Suites versus best of breed

I found this post about BPM suites versus best of breed to be an interesting take, although misguided. The blog is written by a Fuego systems engineer and as expected, his blog entry espouses the corporate party line of “BPM suites good, best of breed bad”. Every suites vendor will tell you exactly the same thing, and they’re all a bit right and a bit wrong. Yes, there are benefits to having an end-to-end integrated solution: typically, information flows more easily between components, and there’s no finger-pointing when an interface doesn’t work as expected. However, if the suites vendor’s components don’t give you all the functionality that you require, then you really should be looking elsewhere for the specific components.

Apparently an analyst told one of his customers that no BPM suite does it all, and to consider separate modelling, execution and BAM vendors. Good advice, as far as I’m concerned. Personally, I don’t interpret this to mean that the suites vendor should be excluded from the evaluation of all components, it just means that other vendors should be included. It also doesn’t mean that business is yielding their role in the design and management of processes to IT by choosing multiple tools, just that they use different (and equally competent) tools to participate.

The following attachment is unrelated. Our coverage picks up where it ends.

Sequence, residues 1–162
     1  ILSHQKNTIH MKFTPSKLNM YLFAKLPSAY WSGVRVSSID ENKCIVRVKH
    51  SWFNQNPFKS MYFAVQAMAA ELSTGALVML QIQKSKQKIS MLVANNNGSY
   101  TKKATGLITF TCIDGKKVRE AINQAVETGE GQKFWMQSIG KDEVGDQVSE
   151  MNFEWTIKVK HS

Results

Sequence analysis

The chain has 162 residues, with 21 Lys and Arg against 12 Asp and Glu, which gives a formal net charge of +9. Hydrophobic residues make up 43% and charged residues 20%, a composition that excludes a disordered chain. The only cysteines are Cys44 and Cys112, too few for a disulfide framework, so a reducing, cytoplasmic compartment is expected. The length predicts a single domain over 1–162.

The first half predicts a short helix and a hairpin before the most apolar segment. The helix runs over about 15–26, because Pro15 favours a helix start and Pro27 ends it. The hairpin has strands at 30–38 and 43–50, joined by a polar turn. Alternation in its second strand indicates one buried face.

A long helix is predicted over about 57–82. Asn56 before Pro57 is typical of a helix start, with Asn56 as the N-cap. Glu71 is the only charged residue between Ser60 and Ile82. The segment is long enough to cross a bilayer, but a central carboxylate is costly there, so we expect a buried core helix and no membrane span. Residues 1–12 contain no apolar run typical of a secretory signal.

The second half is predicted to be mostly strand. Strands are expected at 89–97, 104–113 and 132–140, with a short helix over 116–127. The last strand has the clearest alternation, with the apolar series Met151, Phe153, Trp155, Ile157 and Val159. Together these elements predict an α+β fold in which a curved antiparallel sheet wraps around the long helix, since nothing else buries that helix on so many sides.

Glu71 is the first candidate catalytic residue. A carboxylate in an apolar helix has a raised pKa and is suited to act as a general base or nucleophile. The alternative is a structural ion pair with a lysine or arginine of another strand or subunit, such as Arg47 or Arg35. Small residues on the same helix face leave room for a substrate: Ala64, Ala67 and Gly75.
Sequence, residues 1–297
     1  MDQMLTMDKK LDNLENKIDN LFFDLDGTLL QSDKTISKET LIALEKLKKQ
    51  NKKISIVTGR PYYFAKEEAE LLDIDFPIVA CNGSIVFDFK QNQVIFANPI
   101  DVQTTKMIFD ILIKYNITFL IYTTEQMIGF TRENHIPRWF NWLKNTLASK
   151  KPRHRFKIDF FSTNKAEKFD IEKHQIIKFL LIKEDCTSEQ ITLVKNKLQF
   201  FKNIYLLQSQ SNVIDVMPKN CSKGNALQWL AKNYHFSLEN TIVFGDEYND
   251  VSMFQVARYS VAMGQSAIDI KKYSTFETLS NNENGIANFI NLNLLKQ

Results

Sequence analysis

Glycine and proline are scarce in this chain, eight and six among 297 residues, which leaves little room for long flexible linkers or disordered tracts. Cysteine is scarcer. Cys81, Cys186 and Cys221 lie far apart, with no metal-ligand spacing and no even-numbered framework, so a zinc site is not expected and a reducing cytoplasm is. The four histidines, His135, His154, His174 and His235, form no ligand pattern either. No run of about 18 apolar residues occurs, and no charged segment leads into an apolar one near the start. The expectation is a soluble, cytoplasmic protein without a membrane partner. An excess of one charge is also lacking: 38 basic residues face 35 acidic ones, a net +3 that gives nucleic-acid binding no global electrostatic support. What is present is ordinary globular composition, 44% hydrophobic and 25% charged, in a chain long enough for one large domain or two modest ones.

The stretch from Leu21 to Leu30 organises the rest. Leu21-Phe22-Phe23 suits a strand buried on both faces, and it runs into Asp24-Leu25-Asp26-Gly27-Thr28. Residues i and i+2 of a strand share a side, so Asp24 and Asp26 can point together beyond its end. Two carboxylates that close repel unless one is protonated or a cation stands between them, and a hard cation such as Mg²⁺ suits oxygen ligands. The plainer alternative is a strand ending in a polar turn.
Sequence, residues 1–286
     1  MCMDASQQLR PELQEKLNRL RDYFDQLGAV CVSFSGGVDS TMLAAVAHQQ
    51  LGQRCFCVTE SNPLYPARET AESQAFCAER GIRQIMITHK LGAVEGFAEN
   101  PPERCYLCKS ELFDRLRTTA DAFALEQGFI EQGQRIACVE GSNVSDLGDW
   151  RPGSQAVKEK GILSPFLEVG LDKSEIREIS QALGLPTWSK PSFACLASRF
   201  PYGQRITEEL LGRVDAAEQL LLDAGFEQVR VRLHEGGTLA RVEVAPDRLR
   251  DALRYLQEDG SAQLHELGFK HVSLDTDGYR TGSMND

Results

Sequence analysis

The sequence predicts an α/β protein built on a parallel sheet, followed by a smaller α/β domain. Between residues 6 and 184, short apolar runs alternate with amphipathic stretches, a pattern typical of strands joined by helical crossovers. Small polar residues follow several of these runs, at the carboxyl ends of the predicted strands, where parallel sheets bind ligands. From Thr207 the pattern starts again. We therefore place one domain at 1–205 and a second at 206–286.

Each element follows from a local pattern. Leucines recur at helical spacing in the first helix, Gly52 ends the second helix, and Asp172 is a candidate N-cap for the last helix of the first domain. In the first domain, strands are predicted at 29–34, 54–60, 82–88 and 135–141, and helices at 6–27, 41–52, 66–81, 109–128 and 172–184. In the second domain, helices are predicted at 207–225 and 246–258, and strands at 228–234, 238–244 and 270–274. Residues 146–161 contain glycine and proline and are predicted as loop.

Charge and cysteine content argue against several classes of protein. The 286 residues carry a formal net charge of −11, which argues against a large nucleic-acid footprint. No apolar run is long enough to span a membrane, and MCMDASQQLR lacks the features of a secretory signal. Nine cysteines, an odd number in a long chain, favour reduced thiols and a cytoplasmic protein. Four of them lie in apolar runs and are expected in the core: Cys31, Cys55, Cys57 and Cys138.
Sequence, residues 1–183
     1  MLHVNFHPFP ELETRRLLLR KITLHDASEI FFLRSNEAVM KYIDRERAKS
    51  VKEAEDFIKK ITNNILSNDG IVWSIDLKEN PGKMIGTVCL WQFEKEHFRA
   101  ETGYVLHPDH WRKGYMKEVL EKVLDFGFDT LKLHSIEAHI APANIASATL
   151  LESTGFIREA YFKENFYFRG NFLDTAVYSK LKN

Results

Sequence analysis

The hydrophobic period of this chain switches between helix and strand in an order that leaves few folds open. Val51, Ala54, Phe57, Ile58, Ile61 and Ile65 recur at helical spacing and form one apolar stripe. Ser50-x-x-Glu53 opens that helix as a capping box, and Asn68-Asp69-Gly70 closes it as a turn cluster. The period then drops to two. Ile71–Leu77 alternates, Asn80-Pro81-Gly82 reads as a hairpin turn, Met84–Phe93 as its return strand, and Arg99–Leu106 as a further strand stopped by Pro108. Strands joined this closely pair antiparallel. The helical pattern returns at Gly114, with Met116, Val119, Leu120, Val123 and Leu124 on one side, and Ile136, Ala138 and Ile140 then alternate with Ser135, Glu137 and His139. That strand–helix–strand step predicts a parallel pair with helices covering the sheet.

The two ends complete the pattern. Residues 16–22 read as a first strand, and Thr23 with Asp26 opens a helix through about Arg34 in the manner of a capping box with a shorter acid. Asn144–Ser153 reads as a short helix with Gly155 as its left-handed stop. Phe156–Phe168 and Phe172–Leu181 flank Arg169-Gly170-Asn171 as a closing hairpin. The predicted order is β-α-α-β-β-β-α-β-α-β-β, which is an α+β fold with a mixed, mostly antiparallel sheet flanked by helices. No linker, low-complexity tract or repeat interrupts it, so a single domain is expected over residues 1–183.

Process modelling is a great example. Most BPMS modelling tools don’t allow for the modelling of manual steps, that is, steps that have nothing to do with the automated process, such as opening mail; they also don’t allow for modelling in the larger context of enterprise architecture. Any business that is serious about documenting enterprise architecture and improving their processes has probably already started modelling their processes using something like IDS Scheer’s ARIS Business Architect or Proforma’s ProVision. For a BPMS vendor to assume that a) process is the only thing to be modelled in the enterprise and b) only steps that touch their product are important, is being a bit unrealistic about where BPM fits into enterprise architecture. I’m the first person to step up and state that process is a key part of any organization, but I would never imagine that it’s the only part.